Robert Redford, Francis Schaeffer, and Christian ecology


By Brian Nixon —

N. Scott Momaday with Robert Redford

The year 1969 has special significance for me. It was the year author N. Scott Momaday won the Pulitzer Prize for his novel House Made of Dawn, and the year the movie Butch Cassidy and the Sundance Kidwas released, helping catapult Robert Redford into the stratosphere of Hollywood megastars [1]. It happens to be the year I was born; not as significant, but for obvious reasons the year has attracted my attention.

Like any kid growing up in the 1970’s, I was quite familiar with Oscar-winning actor and director Robert Redford. For two decades Redford seemed to be everywhere: in movies, as director, and as celebrity ace. For roughly two years (1974-1976), Redford was the top box office name, earning millions for Hollywood [2]. The 1970’s were also the decade when people were introduced to Redford’s alternative passions—the environment and Native American rights among them [3]. Fast-forward forty years to 2014 and you’ll find Redford is still making news as one of Time magazine’s most influential people in the world.  Redford is a legend.

Unlike Redford, my recollections of Pulitzer-winning author and artist, N. Scott Momaday, aren’t as clear. I vaguely remember his name mentioned in Jr. High. And though both Momaday and I grew up in New Mexico—in divergent eras, his books weren’t a household name in my family like other notable New Mexico authors—such as Tony Hillerman. It wasn’t until college that I became familiar with his work. But since that time, I’ve learned to greatly respect the man and his mission, particularly as the only Native American author to win the Pulitzer Prize in literature [4].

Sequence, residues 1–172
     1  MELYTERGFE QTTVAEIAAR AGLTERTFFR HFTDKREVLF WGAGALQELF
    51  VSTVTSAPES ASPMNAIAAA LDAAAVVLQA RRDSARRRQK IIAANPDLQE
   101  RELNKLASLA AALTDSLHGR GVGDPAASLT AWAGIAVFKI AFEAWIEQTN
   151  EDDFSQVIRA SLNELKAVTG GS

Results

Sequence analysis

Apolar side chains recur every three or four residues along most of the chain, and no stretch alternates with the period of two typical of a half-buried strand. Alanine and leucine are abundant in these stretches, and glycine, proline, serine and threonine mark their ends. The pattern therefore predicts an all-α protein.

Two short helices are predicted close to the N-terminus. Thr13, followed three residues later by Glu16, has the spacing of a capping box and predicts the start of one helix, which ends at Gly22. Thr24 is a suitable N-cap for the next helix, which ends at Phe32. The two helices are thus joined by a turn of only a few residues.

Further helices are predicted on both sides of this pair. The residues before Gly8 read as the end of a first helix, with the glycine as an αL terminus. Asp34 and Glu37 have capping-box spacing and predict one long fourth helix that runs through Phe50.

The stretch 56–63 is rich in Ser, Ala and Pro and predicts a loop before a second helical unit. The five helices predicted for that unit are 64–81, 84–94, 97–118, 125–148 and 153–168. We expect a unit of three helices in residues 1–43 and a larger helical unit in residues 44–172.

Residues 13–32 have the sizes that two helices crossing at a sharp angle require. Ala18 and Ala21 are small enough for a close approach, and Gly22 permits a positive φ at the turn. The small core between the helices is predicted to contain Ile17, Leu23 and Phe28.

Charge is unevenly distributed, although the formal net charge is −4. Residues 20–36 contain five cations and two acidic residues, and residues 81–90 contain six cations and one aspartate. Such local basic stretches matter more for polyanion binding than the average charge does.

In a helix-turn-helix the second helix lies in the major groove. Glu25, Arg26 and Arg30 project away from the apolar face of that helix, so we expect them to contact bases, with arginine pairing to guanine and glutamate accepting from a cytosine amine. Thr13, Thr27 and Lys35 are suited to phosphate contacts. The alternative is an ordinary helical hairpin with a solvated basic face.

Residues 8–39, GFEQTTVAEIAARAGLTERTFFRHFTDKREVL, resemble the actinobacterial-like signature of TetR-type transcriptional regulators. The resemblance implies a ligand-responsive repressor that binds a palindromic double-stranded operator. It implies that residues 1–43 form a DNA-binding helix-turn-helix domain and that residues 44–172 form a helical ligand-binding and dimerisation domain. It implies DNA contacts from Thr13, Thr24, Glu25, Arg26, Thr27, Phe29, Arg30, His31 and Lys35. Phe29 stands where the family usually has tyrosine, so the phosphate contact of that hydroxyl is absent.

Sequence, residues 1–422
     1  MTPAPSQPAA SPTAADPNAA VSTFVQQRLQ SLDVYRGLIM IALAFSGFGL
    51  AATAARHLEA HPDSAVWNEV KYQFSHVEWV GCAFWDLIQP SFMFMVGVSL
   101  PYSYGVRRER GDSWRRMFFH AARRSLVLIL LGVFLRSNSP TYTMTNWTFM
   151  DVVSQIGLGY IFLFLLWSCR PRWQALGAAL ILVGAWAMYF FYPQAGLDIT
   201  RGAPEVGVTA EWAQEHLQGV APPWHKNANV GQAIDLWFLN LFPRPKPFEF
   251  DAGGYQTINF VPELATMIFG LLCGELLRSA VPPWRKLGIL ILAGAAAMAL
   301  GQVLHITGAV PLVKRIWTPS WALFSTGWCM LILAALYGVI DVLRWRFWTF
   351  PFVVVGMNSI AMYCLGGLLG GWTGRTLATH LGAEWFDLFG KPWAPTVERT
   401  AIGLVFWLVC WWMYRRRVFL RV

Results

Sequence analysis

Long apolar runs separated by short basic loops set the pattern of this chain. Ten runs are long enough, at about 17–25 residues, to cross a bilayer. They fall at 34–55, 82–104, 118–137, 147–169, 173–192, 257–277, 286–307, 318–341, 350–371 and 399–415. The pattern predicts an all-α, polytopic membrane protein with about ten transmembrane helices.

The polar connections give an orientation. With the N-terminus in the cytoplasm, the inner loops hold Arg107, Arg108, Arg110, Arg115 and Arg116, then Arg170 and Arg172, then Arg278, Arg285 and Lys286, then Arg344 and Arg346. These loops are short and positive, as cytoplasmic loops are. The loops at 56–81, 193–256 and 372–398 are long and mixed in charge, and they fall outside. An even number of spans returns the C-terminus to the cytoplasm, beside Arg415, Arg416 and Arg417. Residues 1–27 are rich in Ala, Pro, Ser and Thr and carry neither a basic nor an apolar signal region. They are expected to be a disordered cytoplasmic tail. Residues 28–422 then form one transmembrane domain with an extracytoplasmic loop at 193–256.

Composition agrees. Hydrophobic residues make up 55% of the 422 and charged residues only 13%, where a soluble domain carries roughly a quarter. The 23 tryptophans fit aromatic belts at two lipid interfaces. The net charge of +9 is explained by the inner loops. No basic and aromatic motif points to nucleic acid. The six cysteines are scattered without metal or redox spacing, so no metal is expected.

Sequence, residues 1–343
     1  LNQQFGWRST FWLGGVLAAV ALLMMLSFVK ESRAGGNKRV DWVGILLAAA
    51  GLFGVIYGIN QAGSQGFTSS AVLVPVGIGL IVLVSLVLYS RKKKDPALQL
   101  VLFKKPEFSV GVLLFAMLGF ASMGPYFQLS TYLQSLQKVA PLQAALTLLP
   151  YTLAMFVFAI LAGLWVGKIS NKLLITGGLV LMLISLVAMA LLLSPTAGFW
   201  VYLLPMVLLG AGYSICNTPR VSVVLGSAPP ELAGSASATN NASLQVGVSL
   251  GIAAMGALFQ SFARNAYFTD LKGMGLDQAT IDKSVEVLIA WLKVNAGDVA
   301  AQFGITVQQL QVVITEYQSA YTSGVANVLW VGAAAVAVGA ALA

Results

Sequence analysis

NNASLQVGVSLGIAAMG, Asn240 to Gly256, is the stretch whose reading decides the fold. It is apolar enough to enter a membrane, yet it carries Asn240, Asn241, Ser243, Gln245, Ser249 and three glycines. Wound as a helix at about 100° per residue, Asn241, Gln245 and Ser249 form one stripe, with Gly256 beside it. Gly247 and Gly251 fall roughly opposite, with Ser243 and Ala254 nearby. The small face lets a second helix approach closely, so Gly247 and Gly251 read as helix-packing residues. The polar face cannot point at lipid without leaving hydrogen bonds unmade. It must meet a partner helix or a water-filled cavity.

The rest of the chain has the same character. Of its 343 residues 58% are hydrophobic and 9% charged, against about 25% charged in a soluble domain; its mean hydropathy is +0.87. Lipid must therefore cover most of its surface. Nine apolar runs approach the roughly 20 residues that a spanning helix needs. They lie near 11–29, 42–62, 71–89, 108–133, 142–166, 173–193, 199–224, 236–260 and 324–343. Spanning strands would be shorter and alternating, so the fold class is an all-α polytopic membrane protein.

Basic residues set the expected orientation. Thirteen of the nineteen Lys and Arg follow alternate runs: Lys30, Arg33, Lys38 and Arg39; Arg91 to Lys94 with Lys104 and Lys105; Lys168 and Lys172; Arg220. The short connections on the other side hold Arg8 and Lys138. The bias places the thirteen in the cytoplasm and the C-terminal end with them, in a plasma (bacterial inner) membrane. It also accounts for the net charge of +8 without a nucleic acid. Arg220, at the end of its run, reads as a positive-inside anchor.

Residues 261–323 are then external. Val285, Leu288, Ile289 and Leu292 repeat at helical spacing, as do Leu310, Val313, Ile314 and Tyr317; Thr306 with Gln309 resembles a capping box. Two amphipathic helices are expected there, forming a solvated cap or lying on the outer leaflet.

So when I learned that Redford and Momaday were together for a discussion on issues regarding the earth, attendance was mandatory [5].

Hosted by Santa Fe Connect [6], Redford and Momaday were greeted by a capacity crowd. The event was held at the St. Francis Auditorium, adjacent to the New Mexico Museum of Art. With murals by Portuguese-American artist, Carlos Vieira, as a backdrop, Redford and Momaday commenced on an enlightening conversation about the environment—and our role to help offset its decline.

A Pnesive Redford smaller useThe evening could be viewed as a two-act drama. Act one was a written dialogue penned by Momaday for he and Redford. First performed a couple weeks earlier at Carnegie Hall in New York, the dialogue encompassed the views held by Momaday that the earth is sacred and that the destruction inflicted upon nature is an issue that all people must confront. The moral of the written dialogue was clear: protect the earth, and we protect ourselves.

Act two consisted of a question and answer time hosted by Jill Momaday, N. Scott’s daughter. Here we got personal glimpses into the life and thought of both Redford and Momaday, particularly as it relates to creativity and creation. I really enjoyed hearing what sparked Redford’s and Momaday’s love for nature. Redford told about a trip he took to Yosemite—after a minor bout with polio, later working there during summer months for three years. He said, “I don’t want to just look at nature, I want to be in it.” And Momaday shared an experience he had while in New Mexico that captured his respect and awe of nature.

The questions then turned to the creative process. Redford credited a teacher for inspiring his creative pursuits. During his formidable years he learned “art is essential.” For Momaday, his greatest influence was his mother, a writer, and father, an artist.  Jill asked Robert what he looks for in an artistic project. Robert replied, one, a good story; two, good characters; and three, something that conveys emotion.   Momaday said that he was inspired by poetry, particularly the works of Wallace Stevens. Furthermore, Momaday expanded on the importance of story by reminding us that there is one story, one quest, comparing the quest in nature to Adam and Eve; from the one Biblical story precedes all other stories.